When many of us were kids, our after school activities required punting, bunting or swooshing, and sometimes all three, but there’s a new sport in town that’s not exactly foreign to Oklahoma; it just hasn’t received much attention until now.
Edmond Parks and Recreation started a lacrosse program three years ago with the assistance of many volunteers. Tom and Cheryl Prebula have been with the program since the beginning, and they took some time recently to help explain how the program got to where it is today.
Their first year, about 100 boys and girls, aged seven through high school, participated and spent the season learning the basics of the unfamiliar sport. “As far as we know, we were and still are the only youth program in the state covering boys and girls of those ages,” Tom said.
A year later, that number had nearly doubled and it was time to split the kids into teams and begin league-type play.
Lacrosse is a Native American sport, and some of the local tribes still play stickball, which is where it originated. It’s played with sticks fitted with small nets, which allow players to catch and throw the ball while running up and down the 110 yard field. It’s similar to hockey in that all team members play defensive positions at some point.
“The game’s very exciting to watch,” Cheryl said. “It’s really fast-paced and even if you don’t know anything about it, it’s still fun to watch.”
“There are very few stoppages. Everybody plays and everybody plays a lot because of the running nature of the sport,” Tom said. “It requires good eye-hand coordination, you have to like to run and you have to like to hit and be hit.”
The boys wear helmets, and the girls wear goggles.
“Boy’s lacrosse is much more physical,” Tom said. “For girls, it’s more of a finesse game.”
Tom grew up in Baltimore, where lacrosse has more of a following. He played baseball up until age thirteen, when a friend talked him into trying lacrosse.
“I got a stick, the whole nine yards, and I just fell in love with it,” Tom said. He taught himself to throw and catch using just a stick, a ball and a wall.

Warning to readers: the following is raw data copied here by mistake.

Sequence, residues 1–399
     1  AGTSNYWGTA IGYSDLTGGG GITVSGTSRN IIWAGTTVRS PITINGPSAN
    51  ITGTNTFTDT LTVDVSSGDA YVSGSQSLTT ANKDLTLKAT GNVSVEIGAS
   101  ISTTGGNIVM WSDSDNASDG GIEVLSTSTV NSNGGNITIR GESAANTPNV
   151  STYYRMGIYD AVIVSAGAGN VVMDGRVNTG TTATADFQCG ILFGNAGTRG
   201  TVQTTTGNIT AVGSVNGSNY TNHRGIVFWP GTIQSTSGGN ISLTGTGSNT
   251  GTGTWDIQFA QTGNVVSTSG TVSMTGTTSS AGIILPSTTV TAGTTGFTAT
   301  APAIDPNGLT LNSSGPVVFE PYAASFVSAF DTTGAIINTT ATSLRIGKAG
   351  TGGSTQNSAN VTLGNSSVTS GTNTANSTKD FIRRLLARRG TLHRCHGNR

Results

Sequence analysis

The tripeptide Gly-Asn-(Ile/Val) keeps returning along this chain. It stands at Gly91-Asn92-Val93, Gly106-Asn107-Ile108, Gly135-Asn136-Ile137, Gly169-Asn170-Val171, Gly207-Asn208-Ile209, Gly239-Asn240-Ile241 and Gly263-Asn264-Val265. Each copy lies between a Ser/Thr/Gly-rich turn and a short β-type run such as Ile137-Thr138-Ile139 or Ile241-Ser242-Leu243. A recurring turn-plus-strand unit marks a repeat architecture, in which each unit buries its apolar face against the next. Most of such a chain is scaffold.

He played competitive lacrosse through high school, and then was recruited to play Division I lacrosse at the US Air Force Academy. He continued playing in adult leagues while on active duty, including a men’s team while stationed in Dayton, Ohio. Now, Tom works for Tinker Air Force Base and doesn’t play anymore, but he continues his love for the sport though coaching others. He teaches the boys and Coach Dave Lewis instructs the girls, both with the assistance of parents and volunteers.
When they started, Cheryl took an active role in helping Tom set up teams and rosters, obtain equipment and explain to parents the basics of the game.
“My wife fielded more phone calls than I can count,” Tom said. “She’s one of the reasons we’ve been able to do what we’ve done.”
The Edmond Youth Lacrosse program would not be what it is today without the support of Jim Bowlin, Edmond Parks and Recreation director, and his staff. They have provided fields, coordinated referees, taken registration and purchased balls, goals and goalie equipment.
Since the lacrosse program sprung up, other teams are taking notice. They’ve been invited to weekend tournaments in Dallas, and there are plans to coordinate with teams from Tulsa and the Pottawattamie tribe in Shawnee. Those interested shouldn’t be intimidated by not knowing the sport.
“Since it’s so new, most kids start out at the same level,” Tom said.
Tom and Cheryl’s own girls are too young to play on the team, but they already have their sticks and are ready to go as soon as they’re old enough. Tom's son Zachary, twelve, has been with the program since the beginning.
Registration for the February-May season will begin in late November or early December. In prior years, a free lacrosse clinic was offered at Mitch Park, where kids could try out lacrosse and see if it was for them. It seems most felt it is. A similar clinic will most likely be offered again this season, after the New Year.
“When last season ended, kids were already asking when it would start again,” Tom said.
“Our volunteers are the best. We have some coaches who have never actually played lacrosse, but have taken the time to learn the game in order to coach. We also have had a number of former players who heard about the program and volunteered to either coach or referee games. It is amazing that everyone involved just wants to see this program succeed,” he said.
Practices are scheduled to begin in February. For more information about players or volunteers, call 405.359.4690 or check out http://edmondlacrosse.blogspot.com.